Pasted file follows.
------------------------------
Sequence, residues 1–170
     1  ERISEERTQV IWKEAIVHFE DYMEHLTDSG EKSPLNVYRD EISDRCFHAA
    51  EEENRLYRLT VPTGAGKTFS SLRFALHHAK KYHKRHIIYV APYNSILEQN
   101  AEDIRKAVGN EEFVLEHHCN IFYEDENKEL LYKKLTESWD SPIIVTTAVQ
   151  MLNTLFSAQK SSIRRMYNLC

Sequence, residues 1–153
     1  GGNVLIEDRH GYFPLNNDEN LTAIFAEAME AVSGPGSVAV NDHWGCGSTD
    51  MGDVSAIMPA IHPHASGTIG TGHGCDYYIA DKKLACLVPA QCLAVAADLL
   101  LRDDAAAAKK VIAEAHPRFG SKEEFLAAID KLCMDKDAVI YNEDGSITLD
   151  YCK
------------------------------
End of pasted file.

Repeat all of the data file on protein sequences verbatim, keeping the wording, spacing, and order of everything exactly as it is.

Sequence, residues 1–170
     1  ERISEERTQV IWKEAIVHFE DYMEHLTDSG EKSPLNVYRD EISDRCFHAA
    51  EEENRLYRLT VPTGAGKTFS SLRFALHHAK KYHKRHIIYV APYNSILEQN
   101  AEDIRKAVGN EEFVLEHHCN IFYEDENKEL LYKKLTESWD SPIIVTTAVQ
   151  MLNTLFSAQK SSIRRMYNLC

Sequence, residues 1–153
     1  GGNVLIEDRH GYFPLNNDEN LTAIFAEAME AVSGPGSVAV NDHWGCGSTD
    51  MGDVSAIMPA IHPHASGTIG TGHGCDYYIA DKKLACLVPA QCLAVAADLL
   101  LRDDAAAAKK VIAEAHPRFG SKEEFLAAID KLCMDKDAVI YNEDGSITLD
   151  YCK